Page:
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My First Build

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February 2, 2012 8:09:55 PM

Ok so this is my first completely brand new build - was hoping you guys could check it out and confirm it's all compatible, check I aint buying some rubbishy products and maybe offer alternatives if I've chosen badly!

I'll be using this for Web Surfing, Gaming and Music/Media.

This bundle includes I7 2600K, Asus P8Z68-V/GEN3 Motherboard and 2X4gb Patriot Ram

Case:
Antec 900

PSU:
Coolmaster GX

Hard drive:
Seagate 2TB Barracuda

topped of with Asus GTX 550 Ti

What I'm hoping to produce is a long term computer with reliable components to last me till after uni without needing upgrading. I play high quality games like crysis, skyrim suchly suchly and this graphics card, whilst not top of the range, should last me for all the new games for years to come?

Any advice, tips comments etc would be muchly appreciated!

Cheers

Cailean

p.s. Did have another post but removed all the links and conformed to a normal title!

More about : build

February 2, 2012 8:14:40 PM

Will you be doing any extreme video/music editing? If not, drop the CPU to a 2500k. HT is not utilized in games yet. The most games use is one thread for each core.
February 2, 2012 8:16:24 PM

Get an Antech,Seasonic,Corsair or XFX PSU
if you are planning to game you better get the 560TI not the 550TI (at least)
What resolution do you game on?
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February 2, 2012 8:21:12 PM

Not sure what you mean by "extreme" but I do edit home videos regularly? I also run sibelius 7....? I would have got the 2500K but I because this computer needs to last - well - forever, I was thinking the i7 will last through all the new games, windows 8 and everything else? You think I should just go to 2500K?
February 2, 2012 8:35:24 PM

If you have no problem spending money on a 2600K, keep it, but if this rig is going to be used for gaming, and you are on a budget, drop down to a 2500K and get a better GPU. A GPU is usually the first thing to become "outdated" (if you are a gamer). So please invest in a better one, one way or another!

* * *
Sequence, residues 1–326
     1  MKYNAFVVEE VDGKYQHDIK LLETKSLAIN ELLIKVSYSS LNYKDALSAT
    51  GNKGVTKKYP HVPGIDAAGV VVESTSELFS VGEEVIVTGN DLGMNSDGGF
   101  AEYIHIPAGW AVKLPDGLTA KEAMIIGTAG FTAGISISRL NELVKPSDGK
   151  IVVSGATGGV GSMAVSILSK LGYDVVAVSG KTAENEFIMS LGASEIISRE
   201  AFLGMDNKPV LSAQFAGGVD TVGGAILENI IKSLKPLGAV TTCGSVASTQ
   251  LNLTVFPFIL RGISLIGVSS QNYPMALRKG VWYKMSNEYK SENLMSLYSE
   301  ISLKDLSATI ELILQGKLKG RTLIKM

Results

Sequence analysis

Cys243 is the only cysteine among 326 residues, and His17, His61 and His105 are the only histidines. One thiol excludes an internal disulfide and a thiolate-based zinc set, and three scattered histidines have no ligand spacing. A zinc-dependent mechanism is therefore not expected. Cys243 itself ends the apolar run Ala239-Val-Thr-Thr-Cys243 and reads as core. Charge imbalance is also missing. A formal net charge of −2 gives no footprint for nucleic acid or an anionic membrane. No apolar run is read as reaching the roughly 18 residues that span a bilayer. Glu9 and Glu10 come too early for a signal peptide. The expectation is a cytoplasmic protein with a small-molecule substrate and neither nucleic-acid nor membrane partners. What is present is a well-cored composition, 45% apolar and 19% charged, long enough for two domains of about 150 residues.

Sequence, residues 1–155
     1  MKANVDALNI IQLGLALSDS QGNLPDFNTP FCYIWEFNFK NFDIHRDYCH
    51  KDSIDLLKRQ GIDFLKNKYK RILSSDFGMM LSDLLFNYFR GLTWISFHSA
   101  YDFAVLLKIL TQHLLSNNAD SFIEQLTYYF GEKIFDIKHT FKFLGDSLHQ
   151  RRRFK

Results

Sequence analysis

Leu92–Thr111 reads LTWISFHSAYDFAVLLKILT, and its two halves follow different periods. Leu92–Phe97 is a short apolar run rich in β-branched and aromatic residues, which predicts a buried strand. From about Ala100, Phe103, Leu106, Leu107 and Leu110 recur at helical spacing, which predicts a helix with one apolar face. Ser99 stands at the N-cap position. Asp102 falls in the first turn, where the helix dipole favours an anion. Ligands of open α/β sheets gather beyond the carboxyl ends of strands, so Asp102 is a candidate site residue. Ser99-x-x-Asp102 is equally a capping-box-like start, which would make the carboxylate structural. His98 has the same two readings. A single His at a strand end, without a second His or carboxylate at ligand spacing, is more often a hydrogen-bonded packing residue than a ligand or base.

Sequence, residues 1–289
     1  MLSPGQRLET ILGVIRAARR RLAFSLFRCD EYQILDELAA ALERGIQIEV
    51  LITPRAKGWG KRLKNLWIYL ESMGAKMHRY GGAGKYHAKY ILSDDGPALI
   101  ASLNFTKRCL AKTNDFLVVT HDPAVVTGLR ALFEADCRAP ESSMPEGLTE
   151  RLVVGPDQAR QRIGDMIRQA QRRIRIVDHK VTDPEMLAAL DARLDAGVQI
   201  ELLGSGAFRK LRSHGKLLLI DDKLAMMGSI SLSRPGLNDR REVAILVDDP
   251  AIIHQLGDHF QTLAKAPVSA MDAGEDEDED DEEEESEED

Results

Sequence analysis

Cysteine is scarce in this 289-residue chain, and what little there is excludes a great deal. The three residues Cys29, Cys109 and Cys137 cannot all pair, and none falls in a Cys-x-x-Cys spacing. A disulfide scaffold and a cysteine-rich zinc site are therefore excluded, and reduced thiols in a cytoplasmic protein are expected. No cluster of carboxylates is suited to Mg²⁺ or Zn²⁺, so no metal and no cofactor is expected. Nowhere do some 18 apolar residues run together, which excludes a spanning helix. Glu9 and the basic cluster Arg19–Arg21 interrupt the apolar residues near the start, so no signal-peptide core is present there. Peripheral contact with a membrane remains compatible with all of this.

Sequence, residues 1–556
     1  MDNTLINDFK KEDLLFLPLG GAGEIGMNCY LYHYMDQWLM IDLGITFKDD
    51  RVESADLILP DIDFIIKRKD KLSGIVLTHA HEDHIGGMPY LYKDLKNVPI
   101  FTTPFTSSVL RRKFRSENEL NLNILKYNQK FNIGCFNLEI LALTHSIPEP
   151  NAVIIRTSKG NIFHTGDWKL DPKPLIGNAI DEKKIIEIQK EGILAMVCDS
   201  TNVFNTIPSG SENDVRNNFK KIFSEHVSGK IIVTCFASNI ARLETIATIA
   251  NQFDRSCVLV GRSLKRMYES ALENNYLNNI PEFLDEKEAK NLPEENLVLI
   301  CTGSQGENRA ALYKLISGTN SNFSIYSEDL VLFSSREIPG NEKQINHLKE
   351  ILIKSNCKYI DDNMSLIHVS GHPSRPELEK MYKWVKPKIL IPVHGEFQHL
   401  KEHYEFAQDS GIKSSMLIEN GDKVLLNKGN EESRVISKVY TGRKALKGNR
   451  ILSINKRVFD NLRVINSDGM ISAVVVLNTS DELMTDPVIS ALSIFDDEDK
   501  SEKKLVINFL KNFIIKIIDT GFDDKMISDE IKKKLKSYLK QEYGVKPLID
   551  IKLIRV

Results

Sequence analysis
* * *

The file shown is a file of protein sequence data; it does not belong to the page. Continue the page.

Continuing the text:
February 2, 2012 8:43:14 PM

If you want long term reliability, do not buy a Coolermaster power supply. They do make excellent cases though. Get an 80 Plus certified or higher from trusted brands such as Seasonic, Corsair, Antec, Silverstone, or XFX. For your level of video card, 500 watts would be plenty. If you are planning on dual cards later, 650 watt would be fine.

Here is a handy Nvidia tool that should help in your video card selection. http://www.geforce.com/Optimize
February 2, 2012 8:52:05 PM

I agree with what was previously said. You are probably better off dropping from 2600K to 2500K and investing in either a higher end graphics card, or an SSD. Unless you are on a very tight budget, I would definitely look at getting one. They improve day to day user experience so much! I would recommend a 120GB or so. If you don't want to put more money in to graphics, put it into an SSD. That would definitely be worth the downgrade from 2600K to 2500K.
February 2, 2012 8:53:08 PM

Agree with tlmck. Go for better and trusted PSU.
February 2, 2012 8:55:28 PM

Just ignore the i5 i7 monikers... The 2500K and the 2600K are clocked 100 Mhz apart at stock and they both overclock like beasts.

The 2600K also has hyperthreading which is layman for take a single core and make it do the work of two cores... Just thinking about that makes me think it is a bad idea. And sure enough the benchmarks say the same thing...

You also get 2 mb of L3 cache on the 2600K. which means you get little better performance when running a lot of programs all at once... Most people don't run more than a few things at a time.

You are better off saving the $100 and getting abetter video card.
February 2, 2012 9:16:39 PM

What is your budget and do you plan on overclocking?
February 3, 2012 8:20:32 PM

Caldork - Do you have a Micro Center nearby? see their ad at http://viewer.zmags.com/publication/57e09b6d#/57e09b6d/...
Page 2,27 and 28.
They have the best deals around for processors. If you buy a processor you can get $60-$50 off select motherboards too. So an i5 2500K that runs $230 at newegg will go for $180 at Micro Center... Plus you can pick up a mobo that at newegg costs $120 but at Micro center will be $60... Total savings $110 on a $350 purchase bringing it down to $240.
February 4, 2012 9:11:53 PM

Thanks for all the advice!

Ill look at getting a better PSU! I don't have a Micro Center, I'm UK based ^^

Ok so I'm looking at the long term when thinking I7 - will the i5 last me 7 odd years - for a bit extra the hyper threading on the i7 would make it the better choice? Maybe not? I'm glad you brought it up - I'm thinking long and hard about it.

How does the SSD + HDD combo work really? Is it not just a hassle copying things to and from?

Cheers guys!!
February 7, 2012 8:42:01 PM

Hyper threading = worse for games in general. because you are taking a physical core and making it do the work of 2 cores. This is why the 2500K beats the 2600K at the same clock speed in benchmarks of single threaded programs. If you turn off hyperthreading in the 2600K you get identical results from a 2500K.

Your PC will be a dinosaur in 4 years no matter how heavy you build it today. 7 years ago people were using Pentium 4s and Athlons. They don't hold a candle to CPUs produced even 4 years ago, and 4 year old CPUs are laughably slow today for games.

The whole SSD HDD thing works... but it is a hassle. You can set it up to automatically install things onto the HDD... but that is a hassle too. Supposedly windows 8 will remedy this... but I don't see Win 8 being released anytime soon.
!